Just Because It's Mobile, It Doesn't Change The Economics Of Content
from the let's-try-this-again dept
Last summer, we wrote about the pending crisis in the ringtone market, which both music execs and mobile operator execs were so bullish about. The problem, it appeared, was that due to a little bit of success, both industries seemed to think that mobile content defied the basic economics that applied to all other content. It wasn’t hard to see that this couldn’t last — and it appears that some are finally recognizing this, as questions abound about how to make money on mobile content. MocoNews has two interesting stories today that highlight this issue. First, is a column discussing the simple fact that mobile content is too expensive. This isn’t a new argument, but the industries involved became so enamored with the price they could sell ringtones, that they thought it would last forever. Of course, they then misunderstood their own market — believing that ringtones were the equivalent of “mobile music” rather than a personal expression. That is, consumers view ringtones not as “content” to be consumed, but as a fashion accessory to be spread around — and thus are willing to pay differently for it. Most other mobile content, however, is content, and needs to be priced accordingly — meaning recognizing the competition. Most people are used to accessing content mostly free online. If companies think they can charge for the same content on a mobile device, there certainly needs to be a very good reason for it, and an additional value for users (and just being “mobile” usually isn’t enough).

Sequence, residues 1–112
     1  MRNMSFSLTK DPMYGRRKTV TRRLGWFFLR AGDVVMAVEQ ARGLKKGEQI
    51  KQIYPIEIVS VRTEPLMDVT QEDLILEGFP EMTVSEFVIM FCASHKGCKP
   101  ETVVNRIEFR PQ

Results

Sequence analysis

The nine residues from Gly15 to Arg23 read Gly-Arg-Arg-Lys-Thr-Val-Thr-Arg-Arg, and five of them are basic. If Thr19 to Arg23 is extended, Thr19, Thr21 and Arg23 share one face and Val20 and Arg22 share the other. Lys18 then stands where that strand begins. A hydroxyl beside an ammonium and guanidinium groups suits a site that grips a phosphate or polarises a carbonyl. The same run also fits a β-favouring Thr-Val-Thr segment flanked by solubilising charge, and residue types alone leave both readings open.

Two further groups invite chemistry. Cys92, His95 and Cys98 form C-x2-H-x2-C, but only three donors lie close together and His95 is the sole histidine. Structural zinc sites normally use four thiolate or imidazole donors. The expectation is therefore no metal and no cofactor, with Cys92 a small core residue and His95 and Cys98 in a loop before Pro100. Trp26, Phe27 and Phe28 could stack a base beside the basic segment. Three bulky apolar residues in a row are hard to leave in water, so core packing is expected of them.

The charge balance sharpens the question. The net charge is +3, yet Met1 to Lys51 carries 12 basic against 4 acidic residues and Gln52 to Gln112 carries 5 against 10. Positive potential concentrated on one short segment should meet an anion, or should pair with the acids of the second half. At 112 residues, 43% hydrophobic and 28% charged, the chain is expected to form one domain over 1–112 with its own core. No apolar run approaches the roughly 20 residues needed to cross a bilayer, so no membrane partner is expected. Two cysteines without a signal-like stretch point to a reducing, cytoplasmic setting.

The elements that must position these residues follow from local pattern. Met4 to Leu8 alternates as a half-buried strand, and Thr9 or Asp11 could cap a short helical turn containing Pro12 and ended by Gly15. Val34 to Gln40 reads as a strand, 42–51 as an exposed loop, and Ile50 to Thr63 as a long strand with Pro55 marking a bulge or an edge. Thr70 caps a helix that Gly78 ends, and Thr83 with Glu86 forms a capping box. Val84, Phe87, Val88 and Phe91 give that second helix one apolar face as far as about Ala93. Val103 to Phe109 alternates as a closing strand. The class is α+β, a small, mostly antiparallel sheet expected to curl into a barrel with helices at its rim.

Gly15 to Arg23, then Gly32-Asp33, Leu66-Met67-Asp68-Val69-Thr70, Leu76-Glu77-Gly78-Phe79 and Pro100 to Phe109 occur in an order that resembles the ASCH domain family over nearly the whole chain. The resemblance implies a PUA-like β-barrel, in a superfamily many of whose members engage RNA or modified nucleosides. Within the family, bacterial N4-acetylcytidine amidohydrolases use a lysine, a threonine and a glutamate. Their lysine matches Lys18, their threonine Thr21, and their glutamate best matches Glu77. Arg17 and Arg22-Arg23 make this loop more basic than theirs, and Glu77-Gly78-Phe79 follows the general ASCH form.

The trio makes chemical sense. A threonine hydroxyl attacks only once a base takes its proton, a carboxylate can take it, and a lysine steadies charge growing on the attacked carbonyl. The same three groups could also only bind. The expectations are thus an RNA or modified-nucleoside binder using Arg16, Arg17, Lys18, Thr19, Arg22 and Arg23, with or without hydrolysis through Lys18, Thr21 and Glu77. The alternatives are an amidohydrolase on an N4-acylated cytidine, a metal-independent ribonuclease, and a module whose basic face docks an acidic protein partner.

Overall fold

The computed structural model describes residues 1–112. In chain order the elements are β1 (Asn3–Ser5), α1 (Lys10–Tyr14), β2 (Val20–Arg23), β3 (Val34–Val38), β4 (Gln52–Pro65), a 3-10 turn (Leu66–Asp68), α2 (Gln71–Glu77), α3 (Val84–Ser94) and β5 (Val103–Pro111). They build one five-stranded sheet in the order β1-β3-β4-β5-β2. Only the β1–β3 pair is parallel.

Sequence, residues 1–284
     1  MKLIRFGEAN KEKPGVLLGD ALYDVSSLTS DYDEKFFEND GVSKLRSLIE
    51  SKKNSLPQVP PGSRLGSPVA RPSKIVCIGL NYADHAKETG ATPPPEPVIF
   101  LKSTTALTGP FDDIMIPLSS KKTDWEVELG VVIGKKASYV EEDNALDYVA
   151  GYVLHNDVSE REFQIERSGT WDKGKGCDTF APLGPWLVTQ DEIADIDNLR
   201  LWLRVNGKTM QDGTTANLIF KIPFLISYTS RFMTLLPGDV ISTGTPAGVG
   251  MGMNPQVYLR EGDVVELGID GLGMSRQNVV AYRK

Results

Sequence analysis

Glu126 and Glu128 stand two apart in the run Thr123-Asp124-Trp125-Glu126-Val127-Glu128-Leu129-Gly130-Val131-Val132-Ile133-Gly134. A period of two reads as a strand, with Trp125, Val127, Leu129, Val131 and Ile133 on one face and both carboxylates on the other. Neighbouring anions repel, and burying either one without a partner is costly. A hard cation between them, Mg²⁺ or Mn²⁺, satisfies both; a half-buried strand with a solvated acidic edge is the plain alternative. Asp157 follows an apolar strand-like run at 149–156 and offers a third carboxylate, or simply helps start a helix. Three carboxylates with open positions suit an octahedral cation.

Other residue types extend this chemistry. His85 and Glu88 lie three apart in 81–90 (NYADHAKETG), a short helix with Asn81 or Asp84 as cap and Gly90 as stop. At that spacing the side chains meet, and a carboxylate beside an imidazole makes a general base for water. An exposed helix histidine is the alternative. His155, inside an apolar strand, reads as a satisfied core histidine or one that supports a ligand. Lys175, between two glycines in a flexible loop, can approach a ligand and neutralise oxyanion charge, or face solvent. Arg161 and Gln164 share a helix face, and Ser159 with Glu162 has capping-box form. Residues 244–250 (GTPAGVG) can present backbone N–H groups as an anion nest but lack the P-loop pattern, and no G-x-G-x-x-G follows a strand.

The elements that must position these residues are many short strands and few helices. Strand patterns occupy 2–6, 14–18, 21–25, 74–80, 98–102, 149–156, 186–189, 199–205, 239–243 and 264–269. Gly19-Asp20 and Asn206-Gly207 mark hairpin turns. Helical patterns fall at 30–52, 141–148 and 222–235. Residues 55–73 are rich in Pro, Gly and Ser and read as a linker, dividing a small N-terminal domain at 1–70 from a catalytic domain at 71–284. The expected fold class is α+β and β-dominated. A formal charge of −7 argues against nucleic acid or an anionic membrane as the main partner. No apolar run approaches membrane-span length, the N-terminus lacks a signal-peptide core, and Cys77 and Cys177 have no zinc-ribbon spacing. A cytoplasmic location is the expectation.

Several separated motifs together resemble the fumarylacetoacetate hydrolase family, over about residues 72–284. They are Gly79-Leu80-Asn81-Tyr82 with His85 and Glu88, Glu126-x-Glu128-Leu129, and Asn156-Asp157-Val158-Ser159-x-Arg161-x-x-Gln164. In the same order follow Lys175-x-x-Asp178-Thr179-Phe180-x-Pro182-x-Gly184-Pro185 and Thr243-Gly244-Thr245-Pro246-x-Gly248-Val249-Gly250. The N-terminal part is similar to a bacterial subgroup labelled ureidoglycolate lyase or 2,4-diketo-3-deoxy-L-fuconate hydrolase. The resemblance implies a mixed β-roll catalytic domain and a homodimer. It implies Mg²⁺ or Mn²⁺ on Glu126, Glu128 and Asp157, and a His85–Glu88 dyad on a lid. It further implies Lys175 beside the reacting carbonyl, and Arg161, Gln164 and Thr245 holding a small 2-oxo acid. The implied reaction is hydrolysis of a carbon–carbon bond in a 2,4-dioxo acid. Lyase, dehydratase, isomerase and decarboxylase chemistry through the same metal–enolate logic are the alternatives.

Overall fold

The second piece may be even more important. It talks about how the line between mobile content and mobile advertising is blurring — and posits this is a bad thing. There are two things wrong with this statement: It’s not a new thing and it’s the natural state of the market. We’ve said it before, but apparently it bears repeating: content is advertising, and advertising is content. That’s always been true — even if it wasn’t always clear what the content was advertising or if the advertising was really bad content. None of this changes on the mobile device — and the fact that anyone should be surprised by this revelation suggests the industry has a long way to go before figuring out how to really make mobile content (and mobile advertising) work. However, when you embrace the relationship between content and advertising, it becomes much easier to recognize what business models are likely to work, and which are likely to struggle.